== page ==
Tributes from those who played with him were scarce, for he outlived almost all his contemporaries. Not many in English cricket knew him well, as Larwood had spent the second half of his life living in modest seclusion in Sydney, occasionally emerging to attend a Test match in the city that became his home in 1950.
Don Bradman was the player whom Douglas Jardine, then England captain, had chiefly in mind when he took Larwood's ferocious pace and devised around it his infamous Bodyline tactics for the 1932-33 series Down Under. But the legendary Australian never allowed his confrontations with Larwood to affect their relationship.
"I am sad to learn that my old cricket rival Harold Larwood has passed away," Bradman said in a statement. "Although we were arch enemies on the field, this was because of Jardine's tactics. There was no personal animosity between Larwood and me and we always remained good friends. His name will live in history as one of the greatest bowlers of all time, and the fact that he made Australia his home showed his love of this country."
The career of Denis Compton, the former Middlesex and England great, did - just - overlap with Larwood's. Compton, now 77, remembered: "He bowled at me in my first year in county cricket - 1936. He was in the twilight of his career and only coming off a short run-up, but it was still the fastest thing I ever came up against.
"We have lost a great man. I was lucky enough to meet him when I was in Australia for Bradman's 85th birthday. I travelled from Adelaide to Sydney to see him and his wife. We had a drink and talked about Bodyline. He still referred to Douglas Jardine as Mr Jardine."
Ray Illingworth, chairman of the England cricket selectors, met Larwood twice on England tours to Australia, in 1962-63 and 1970-71. "The thing that really struck me about him was how small he was," Illingworth said yesterday. "He didn't look to have big shoulders. I was just amazed at his size for a quick bowler.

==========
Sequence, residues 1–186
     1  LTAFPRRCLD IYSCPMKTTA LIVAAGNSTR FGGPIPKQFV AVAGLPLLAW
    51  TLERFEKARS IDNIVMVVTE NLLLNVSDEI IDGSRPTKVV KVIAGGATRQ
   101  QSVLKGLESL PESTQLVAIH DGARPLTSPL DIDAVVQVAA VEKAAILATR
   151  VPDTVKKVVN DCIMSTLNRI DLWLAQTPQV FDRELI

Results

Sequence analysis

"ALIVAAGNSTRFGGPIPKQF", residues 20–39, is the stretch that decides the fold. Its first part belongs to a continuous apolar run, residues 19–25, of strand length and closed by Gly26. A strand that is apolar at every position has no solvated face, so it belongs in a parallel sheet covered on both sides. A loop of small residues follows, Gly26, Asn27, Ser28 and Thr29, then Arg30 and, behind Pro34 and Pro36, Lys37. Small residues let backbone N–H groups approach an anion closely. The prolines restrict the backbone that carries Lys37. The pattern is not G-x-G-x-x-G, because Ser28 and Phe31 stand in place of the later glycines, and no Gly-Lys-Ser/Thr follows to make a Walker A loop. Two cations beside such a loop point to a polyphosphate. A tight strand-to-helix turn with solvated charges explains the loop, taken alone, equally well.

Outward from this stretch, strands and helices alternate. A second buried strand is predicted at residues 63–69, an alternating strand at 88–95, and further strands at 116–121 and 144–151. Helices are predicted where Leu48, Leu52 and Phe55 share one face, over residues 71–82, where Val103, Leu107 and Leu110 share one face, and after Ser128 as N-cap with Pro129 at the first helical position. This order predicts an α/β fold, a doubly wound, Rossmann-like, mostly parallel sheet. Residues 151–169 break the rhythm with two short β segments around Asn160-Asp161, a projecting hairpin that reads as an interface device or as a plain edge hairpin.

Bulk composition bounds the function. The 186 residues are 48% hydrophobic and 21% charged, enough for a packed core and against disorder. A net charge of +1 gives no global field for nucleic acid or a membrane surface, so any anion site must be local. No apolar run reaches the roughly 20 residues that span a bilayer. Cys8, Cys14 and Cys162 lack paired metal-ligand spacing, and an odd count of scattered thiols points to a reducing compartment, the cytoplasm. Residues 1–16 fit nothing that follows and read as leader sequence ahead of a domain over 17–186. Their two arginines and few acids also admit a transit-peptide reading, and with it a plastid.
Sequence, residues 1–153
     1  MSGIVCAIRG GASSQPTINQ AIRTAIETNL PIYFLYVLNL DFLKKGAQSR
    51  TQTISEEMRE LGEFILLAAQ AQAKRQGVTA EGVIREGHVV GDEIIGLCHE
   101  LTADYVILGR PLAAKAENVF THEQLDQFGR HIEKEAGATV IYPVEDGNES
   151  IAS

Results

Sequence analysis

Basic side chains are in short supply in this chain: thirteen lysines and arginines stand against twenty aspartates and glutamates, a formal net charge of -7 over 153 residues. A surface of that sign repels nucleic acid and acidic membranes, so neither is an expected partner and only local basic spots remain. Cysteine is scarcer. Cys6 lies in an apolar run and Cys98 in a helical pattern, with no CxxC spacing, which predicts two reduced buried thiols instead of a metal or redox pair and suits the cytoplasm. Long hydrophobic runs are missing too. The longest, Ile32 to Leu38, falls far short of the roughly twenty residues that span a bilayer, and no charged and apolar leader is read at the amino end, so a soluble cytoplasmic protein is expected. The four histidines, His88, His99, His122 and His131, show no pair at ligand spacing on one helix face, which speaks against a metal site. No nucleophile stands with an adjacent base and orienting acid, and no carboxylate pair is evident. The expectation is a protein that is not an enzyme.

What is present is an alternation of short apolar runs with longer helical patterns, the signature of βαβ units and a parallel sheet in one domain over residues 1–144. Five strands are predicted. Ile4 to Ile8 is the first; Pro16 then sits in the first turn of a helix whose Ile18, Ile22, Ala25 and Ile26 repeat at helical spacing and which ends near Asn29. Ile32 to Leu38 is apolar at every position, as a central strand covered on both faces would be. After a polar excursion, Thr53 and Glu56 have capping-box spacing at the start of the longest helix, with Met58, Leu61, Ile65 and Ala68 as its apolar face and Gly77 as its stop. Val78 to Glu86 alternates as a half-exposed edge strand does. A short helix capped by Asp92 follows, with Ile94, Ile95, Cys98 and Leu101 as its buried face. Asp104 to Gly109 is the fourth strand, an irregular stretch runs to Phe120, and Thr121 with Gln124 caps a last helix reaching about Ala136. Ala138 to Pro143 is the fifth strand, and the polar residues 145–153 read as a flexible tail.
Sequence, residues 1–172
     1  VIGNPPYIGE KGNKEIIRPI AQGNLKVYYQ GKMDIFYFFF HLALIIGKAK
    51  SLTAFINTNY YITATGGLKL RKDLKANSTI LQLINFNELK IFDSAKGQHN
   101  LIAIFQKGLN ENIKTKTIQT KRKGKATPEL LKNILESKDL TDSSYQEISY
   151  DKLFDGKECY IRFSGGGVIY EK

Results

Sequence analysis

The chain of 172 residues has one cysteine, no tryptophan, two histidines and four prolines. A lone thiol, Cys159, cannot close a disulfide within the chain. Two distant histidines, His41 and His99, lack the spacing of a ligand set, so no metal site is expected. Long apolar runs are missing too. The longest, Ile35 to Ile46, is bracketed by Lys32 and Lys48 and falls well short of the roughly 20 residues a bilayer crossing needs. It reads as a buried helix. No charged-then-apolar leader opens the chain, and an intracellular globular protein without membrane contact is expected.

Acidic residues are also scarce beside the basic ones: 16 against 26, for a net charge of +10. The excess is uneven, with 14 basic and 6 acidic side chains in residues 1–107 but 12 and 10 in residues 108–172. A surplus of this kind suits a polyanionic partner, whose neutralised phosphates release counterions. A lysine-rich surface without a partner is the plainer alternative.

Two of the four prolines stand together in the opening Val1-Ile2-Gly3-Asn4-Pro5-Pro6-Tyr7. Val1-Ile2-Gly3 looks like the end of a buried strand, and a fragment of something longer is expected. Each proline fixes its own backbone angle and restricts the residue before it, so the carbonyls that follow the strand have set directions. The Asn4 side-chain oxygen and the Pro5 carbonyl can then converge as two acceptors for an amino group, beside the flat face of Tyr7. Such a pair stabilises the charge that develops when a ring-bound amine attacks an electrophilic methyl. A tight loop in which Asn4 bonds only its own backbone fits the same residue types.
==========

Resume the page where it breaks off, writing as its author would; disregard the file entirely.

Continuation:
"I don't think he went to a lot of matches. His eyesight wasn't too good. He mainly followed cricket through the media. He seemed like a very nice, modest man. I met him at the ground in Sydney. He just came into the dressing-room for a word, that was all. He wasn't really the focus of attention, just a quiet, mild-mannered man."
Of Larwood's role in Bodyline, Illingworth said: "I think Harold just bowled to order. The law was such in those days that you could have the field placing to do it. You can see on film what a smooth action he had.
"I just think he's the biggest name there's ever been in cricket from a quick bowlers' point of view. OK, he didn't play as long as Fred Trueman, he didn't take 300 wickets, but I think everyone who knows anything about cricket has heard of Larwood."
Darren Gough, the Yorkshire and England fast bowler, cherishes a very special memory of Larwood, who made a point of ringing him during the Third Test at Sydney last winter. "It was a very great honour for me to meet Harold Larwood," Gough said. "He was a very great bowler who did a lot for cricket and it is a sad day for cricket throughout the world."
Larwood and the English cricket Establishment were never close, but he received a warm tribute from Alan Smith, the chief executive of the Test and County Cricket Board, who said: "We are sad at the passing of the last central English link to an era of high drama.
"Perhaps the fastest English bowler of all time, Harold Larwood was throughout his life a man of integrity, modesty and good humour. The affection shown to him by Australians is a measure of the man. In recent years he was always delighted to give a warm welcome to members of touring England teams in Australia."
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